Who’s Who and What’s What at Davos, Switzerland

The World Economic Forum has just finished in Davos, Switzerland, and it reminded me of my time at past events. You are either invited or request attendance, and need to be in a certain category to attend: world leader, politician, senior executive of a large (usually international) company, major academic, researcher or notable person. To say you’ve been to Davos is a big deal.

High in the Alps, Davos is a small recreational town where people enjoy skiing, snowboarding and mountain climbing. But in January, it becomes a fortified complex of the global who’s who. The Swiss army controls the entrances and exits of the town, private security units are hired, and major entities bring their own close protection teams. The town is one of those places in the mountains that still has a regular snow fall and cool temperatures; and, in our time of global weather change, it acts like it should.

The first time I went, I was amazed at the collegial atmosphere filled with discussions and information sessions. I was not in the same league as most of the attendees. I was gobsmacked (great British term) that I was able to have a conversation with people that you only read about or hear make decisions that can really modify—rightly or wrongly—our lives. It is not just a meeting of elites, it is more. It is a chance for those in positions of power, those who can affect change to meet face to face, to discuss global topics and issues. They get detailed, unique information on everything that goes on around us and could make a difference: business practices, economic issues, crime, climate change, population migration, wars, civil unrest, disease, politics and social needs.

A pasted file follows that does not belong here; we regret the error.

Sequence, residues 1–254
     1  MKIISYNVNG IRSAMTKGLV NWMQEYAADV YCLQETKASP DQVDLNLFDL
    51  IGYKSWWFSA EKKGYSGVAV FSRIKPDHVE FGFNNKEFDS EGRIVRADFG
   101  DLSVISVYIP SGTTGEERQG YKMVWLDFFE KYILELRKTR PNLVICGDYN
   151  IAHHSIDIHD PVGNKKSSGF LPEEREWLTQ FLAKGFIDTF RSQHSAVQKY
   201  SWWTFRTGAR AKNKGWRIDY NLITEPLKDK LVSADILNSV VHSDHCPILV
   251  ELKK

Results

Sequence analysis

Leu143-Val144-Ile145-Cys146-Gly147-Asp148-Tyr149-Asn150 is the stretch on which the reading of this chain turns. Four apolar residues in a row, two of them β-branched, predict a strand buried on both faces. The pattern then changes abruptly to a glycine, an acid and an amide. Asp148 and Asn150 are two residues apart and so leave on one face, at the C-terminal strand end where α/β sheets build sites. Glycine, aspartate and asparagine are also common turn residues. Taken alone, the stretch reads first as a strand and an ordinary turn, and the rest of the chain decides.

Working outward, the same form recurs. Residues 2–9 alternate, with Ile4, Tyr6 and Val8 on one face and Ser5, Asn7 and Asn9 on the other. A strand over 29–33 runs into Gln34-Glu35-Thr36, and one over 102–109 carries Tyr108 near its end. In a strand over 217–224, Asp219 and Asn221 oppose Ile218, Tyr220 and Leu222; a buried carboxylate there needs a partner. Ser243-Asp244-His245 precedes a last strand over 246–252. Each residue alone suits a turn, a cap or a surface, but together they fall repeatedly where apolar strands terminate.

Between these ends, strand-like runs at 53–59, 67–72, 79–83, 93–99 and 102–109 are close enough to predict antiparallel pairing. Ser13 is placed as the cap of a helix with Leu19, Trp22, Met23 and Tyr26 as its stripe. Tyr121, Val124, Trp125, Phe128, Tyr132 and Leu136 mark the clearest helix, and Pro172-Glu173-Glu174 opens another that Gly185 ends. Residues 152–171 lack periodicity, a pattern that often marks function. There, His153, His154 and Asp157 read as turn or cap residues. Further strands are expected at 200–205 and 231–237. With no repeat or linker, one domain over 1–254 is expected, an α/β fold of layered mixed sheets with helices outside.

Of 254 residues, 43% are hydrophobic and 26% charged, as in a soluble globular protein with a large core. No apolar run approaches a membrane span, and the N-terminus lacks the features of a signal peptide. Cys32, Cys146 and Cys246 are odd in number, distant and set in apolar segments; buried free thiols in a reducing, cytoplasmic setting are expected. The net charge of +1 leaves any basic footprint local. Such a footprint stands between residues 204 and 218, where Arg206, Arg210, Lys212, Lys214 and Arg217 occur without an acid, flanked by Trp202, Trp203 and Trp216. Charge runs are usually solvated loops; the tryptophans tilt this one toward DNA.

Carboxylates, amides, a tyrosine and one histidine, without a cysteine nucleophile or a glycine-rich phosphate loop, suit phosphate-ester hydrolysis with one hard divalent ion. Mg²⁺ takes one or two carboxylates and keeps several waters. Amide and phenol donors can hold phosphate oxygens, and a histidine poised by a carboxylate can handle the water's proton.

In my first 48 hours, I was able to have a drink with Newt Gingrich, meet Nelson Mandela, and discuss Palestine with Shimon Peres over dinner while his security team looked on. We had a briefing with Richard Holbrooke from the US who explained why countries needed to emulate Asia and remove the high degree of social safety nets that countries like Canada had (I was able to ask questions about his ideas and get an intelligent yet, I believe, wrong answer). I got to hear George Soros speak, discuss peace and conflict, population and disease issues with Thomas (or Tad) Homer Dixon (then at U of T, now at UW), and meet Bill Gates. And there was more…

It is a rarefied place of wealth and power, but it is also a structured place of learning for those that shape a large part of the world we live in. The idea and concept is brilliant: Make sure those that lead understand and have access to what is going on in the world. The execution of the idea is well rehearsed, the people who need to be in Davos get there, and the content of the sessions allows everyone to get an in-depth background from those who are involved. It is a very human process, a 21st century equivalent to the campfire. In a digital age, The World Economic Forum is as important as when it first started; the human interaction it creates and nurtures throughout the year (through regular regional conferences) can help the decision makers understand the ramifications of those decisions. In some ways, the future is in their hands. Whether they truly listen or act is up to them.

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